Although the wrist and shoulder joints don’t have a direct connection, it’s important to recognize that none of the parts of the musculoskeletal system act in isolation. The Florida Hand Center recommends you consider four words: connection, repetition, referral, and compensation. We offer free hand screening that can help determine how your wrist pain may affect other areas.
Wrist and Shoulder Pain – Connection
Every joint in your body is connected to other parts of the skeleton by muscles, ligaments, and tendons. For example, the shoulder is connected to the elbow. Muscles from the elbow flex and extend the wrist. Watch a baseball pitcher – the pitcher uses nearly every joint in the body to throw that ball over the plate. When you change the way you use your wrist, it will affect your shoulder. The covering of the muscles, or fascia, can become tight enough to affect the function in joints that are farther away – thus wrist pain can cause forearm and even shoulder pain.
Wrist and Shoulder Pain – Repetition
Repetitive motion injury occurs when you perform the same activity over and over again. Typing, throwing a ball, running, lifting – any of these activities can cause pain in a particular area. That’s even truer if you don’t have good posture or are not careful about your body mechanics. The repetitive movements stress tendons, muscle, ligaments and joint, causing pain and inflammation.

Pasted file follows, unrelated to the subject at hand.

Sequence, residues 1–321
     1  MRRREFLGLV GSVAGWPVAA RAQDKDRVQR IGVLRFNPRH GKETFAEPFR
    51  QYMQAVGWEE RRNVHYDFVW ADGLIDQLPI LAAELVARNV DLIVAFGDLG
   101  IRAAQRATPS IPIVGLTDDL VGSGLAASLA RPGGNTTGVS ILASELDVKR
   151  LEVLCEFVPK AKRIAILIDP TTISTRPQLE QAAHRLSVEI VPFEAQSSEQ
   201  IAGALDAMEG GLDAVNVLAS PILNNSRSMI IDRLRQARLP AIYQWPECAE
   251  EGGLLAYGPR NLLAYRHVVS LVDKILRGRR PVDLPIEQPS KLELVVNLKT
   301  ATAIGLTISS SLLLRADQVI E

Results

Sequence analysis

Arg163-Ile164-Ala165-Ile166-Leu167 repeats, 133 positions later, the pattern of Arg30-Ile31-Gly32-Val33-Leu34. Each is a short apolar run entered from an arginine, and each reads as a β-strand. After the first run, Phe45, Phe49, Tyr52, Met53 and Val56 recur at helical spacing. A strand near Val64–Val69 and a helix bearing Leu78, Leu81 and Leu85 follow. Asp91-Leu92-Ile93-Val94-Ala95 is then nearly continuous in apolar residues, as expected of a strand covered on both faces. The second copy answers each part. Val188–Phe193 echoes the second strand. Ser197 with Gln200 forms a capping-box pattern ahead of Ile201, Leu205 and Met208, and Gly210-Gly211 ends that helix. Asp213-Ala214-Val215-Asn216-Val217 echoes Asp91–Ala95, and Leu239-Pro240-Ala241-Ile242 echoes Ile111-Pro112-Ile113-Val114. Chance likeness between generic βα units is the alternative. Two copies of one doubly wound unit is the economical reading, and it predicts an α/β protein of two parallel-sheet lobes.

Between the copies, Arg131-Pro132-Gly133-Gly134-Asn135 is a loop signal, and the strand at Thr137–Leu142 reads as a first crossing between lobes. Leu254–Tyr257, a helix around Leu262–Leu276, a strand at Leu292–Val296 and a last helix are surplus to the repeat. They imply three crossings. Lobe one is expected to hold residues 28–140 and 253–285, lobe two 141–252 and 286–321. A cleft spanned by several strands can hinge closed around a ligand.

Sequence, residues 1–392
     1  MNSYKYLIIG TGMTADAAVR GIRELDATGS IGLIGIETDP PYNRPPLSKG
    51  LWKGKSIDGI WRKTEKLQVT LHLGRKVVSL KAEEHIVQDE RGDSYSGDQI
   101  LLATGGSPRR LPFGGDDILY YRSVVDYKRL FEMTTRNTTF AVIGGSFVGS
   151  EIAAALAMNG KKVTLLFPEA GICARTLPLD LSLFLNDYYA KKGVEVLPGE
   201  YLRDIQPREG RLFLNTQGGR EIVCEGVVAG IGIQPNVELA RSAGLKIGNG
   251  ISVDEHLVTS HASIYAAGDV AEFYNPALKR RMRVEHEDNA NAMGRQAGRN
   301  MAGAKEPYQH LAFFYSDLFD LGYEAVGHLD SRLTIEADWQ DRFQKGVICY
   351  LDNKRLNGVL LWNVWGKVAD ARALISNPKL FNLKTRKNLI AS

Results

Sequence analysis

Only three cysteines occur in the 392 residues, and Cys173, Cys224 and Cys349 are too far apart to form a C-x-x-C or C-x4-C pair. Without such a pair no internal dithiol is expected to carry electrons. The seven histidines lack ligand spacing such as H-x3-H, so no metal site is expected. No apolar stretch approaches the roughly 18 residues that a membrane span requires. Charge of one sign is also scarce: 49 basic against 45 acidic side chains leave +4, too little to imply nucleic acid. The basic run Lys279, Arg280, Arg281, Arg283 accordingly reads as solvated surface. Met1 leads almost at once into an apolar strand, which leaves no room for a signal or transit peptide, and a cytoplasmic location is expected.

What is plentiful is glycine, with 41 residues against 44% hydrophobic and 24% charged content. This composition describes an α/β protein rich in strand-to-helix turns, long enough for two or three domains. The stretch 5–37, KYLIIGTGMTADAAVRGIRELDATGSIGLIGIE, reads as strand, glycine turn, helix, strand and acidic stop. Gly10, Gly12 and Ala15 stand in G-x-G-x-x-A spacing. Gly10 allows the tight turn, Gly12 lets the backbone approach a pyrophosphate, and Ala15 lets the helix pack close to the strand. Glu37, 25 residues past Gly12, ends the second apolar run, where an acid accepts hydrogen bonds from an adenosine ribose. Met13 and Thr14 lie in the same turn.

Wrist and Shoulder Pain – Referral
Referred pain is the medical description for what happens when an injury in one part of your body expresses itself as pain in another area. The sensory nerves are what receive pain signals in the body, while the brain is what interprets those signals. The sensory network supplies and receives signals that indicate pain, pressure, heat and cold from multiple structures such as the skin, muscles, and bones. The brain is the place where the interpretation of those signals takes place. That’s why pain originating in the wrist may be felt as far away as the shoulder.
Wrist and Shoulder Pain – Compensation
If a part of your body hurts, you are likely to avoid activities that cause the pain or make it worse. This is what’s known as compensating. Your ankle is sore, so you walk with a limp. Carpal tunnel syndrome is bothering you, so you adjust the position of your hands on the keyboard by lifting your shoulders. Although many of these adjustments are small they can – over time – affect the function of other areas and cause pain. Even minor pain may result in considerable compensation elsewhere in the body.
Wrist pain can prevent you from completing many activities. If your wrist hurts it can be difficult to dress, comb your hair, type, wash dishes or drive. When the pain in your wrist also creates problems in your shoulder, it’s a double whammy. A free hand screening can help determine that source of the problem. Please contact us at the Florida Hand Center for an assessment and recommendations for treatment.